Sunday, July 09, 2006
5S Footprints on the Manufacturing Floor
I spent yesterday at a client's manufacturing plant conducting a 5S Day. The 5S stands for Sort, Straighten, Shine, Standardize and Sustain to create an organized, clean and productive workspace. This 5S day was held on a Saturday when normal production was not scheduled to run allowing the team to focus on the target area and not disrupt daily production. We started the day with a quick 1 hour 5S training session followed by working in the target area on the first 3 S of Sort, Straighten and Shine. Our 5S team included members of their management, associates and even temporary help working side-by-side to transform our target area from one of typical chaos to organized flow.
One of the dilemmas facing the team was how to improve the manufacturing floor. As shown in the picture above, this area has falling into a multiple footprint trap. Since this company began their lean journey just last fall, they eagerly jumped into it with both feet. Over the course of about eight months, They have already completing over 20 kaizens throughout the plant. Our target area changed several times from previous kaizen activities causing footprints to change and increase in numbers. The problem is that the majority of the footprints were painted on the floor and old ones were never eliminated.
The purpose of footprints is to designate a home location. As you kaizen an area, if outdated footprints remain on the floor and new ones go in, all you get is confusion. I was told that it too much trouble to remove the old footprints.
Not to let a little paint create further confusion, I took a small group aside to tackle the issue. The shop floor was a typical concrete floor, unpainted but sealed. The painted lines criss-crossed the floor with several coats of paint. Our first attempts to scrap up the paint were painfully slow and not very effective. I quickly realized why they previously gave up. Our second attempt called for stronger action. We pouring a combination heavy duty paint thinner on the lines plus aggressive hand scraping. It worked however it still was not the fastest job of the day. After lots of elbow grease, the old footprints were eliminated.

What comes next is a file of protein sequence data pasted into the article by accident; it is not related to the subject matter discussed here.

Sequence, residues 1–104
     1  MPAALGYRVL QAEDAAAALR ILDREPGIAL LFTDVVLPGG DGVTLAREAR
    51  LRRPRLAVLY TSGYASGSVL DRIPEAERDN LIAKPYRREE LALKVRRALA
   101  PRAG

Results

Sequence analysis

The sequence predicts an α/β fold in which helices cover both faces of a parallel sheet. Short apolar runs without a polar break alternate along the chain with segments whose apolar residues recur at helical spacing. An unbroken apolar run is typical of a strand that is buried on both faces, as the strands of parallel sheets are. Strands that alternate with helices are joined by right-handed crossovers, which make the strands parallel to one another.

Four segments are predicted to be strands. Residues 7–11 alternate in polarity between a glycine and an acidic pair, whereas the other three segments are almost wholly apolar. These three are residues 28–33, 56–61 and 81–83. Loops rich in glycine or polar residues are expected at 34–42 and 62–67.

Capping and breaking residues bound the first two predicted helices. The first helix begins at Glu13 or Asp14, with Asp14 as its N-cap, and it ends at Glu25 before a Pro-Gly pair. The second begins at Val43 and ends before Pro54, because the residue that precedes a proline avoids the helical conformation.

The team members discussed the line issue trying to decide if paint or tape was the best solution for the future. Paint is more durable but more difficult to change for future kaizens. Tape is very flexible for change but wears out quicker. With some debating, the team arrived at a unified solution to go with floor tape. With the certainty of future kaizens, tape is the most flexible option. To help us sustain the improvements, monitoring and replacing the floor tape as needed was added to the walk through 5S evaluation form as a special item.